Banks are behaving toward the CCRC space similarly to how they are in the for-profit senior housing market. Big banks remain on the sidelines, but community and regional banks, credit unions and community development financial institutions (CDFIs) have returned and are active in their placements.
A contributing factor to this activity is a favorable Treasury curve, which is dictating swap rates with banks, Hermann told SHN. Ziegler covers over 100 banks active in the space and has completed eight to 10 transactions in recent weeks, at favorable rates to borrowers. Moreover, money flows are coming into the fixed rate cohort, driving credit spreads down.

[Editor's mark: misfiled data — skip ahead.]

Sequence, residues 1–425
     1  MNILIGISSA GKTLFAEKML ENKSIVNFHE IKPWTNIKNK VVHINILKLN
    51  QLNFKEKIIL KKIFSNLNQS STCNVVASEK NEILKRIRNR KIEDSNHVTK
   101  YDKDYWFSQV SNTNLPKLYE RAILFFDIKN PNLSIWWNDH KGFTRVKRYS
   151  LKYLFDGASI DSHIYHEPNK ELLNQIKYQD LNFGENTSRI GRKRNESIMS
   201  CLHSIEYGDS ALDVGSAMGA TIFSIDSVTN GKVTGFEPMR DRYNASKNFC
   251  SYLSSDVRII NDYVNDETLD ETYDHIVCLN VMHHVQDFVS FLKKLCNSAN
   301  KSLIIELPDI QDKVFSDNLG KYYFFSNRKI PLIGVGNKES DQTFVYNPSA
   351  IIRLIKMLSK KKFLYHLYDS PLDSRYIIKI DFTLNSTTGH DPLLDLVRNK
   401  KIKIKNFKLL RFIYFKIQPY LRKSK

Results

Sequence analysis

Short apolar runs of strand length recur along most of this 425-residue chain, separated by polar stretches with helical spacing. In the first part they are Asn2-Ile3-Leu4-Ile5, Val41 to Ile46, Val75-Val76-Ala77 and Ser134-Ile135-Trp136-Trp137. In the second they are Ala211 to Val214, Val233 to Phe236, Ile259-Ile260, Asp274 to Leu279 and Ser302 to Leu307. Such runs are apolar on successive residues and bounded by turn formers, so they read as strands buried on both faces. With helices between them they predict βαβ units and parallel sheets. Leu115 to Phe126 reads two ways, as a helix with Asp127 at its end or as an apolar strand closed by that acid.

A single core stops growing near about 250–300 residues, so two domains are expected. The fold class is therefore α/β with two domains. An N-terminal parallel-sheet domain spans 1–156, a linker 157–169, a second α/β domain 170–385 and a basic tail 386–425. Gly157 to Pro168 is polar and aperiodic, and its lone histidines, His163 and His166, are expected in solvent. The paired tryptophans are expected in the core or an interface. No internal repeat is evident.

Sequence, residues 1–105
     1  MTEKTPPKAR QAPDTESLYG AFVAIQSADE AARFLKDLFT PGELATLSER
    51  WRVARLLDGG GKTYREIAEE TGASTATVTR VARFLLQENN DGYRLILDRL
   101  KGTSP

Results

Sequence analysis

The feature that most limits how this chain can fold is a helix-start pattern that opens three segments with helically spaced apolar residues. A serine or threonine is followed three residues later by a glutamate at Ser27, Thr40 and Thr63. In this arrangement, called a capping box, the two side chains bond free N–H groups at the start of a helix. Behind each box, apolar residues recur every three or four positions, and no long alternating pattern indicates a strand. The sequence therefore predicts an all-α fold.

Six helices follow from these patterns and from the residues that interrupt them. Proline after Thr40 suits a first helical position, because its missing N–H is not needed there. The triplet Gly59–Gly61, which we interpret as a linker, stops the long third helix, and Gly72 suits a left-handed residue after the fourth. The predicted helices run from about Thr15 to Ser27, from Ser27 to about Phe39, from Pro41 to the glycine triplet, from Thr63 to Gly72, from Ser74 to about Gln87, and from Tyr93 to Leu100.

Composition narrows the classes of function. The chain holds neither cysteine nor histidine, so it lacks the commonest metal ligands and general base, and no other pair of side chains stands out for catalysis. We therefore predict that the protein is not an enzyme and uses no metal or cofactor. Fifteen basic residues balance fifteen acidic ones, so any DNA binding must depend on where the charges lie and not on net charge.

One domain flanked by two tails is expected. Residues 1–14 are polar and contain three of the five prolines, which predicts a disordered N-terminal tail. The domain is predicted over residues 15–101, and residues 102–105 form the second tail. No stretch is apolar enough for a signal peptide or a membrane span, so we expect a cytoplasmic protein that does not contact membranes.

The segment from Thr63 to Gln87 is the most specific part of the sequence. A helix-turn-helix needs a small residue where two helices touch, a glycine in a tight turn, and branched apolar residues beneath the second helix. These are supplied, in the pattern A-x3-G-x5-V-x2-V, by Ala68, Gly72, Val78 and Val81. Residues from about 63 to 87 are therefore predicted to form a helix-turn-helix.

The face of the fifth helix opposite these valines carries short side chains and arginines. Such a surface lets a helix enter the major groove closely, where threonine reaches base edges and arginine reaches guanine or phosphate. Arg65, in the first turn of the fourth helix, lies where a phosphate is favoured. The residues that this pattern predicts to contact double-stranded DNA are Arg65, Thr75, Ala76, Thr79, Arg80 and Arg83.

“It’s unbelievable. The bank market is almost more attractive than this fixed rate market,” he said.
The big banks continue to exercise caution, having learned lessons on overextension from the Great Recession, and are prioritizing serving existing clients with proven track records as sponsors. The lack of national bank activity may also be attributed to larger banks acting as stewards, meting out relief funds from the CARES Act stimulus package.
“The deals that we’re seeing get done tend to be more the local or regional bank that know the market, as opposed to some of the national players,” Hermann said. “Borrowers that have a strong credit profile, particularly investment-grade rated, are in a better position to access bank financing.”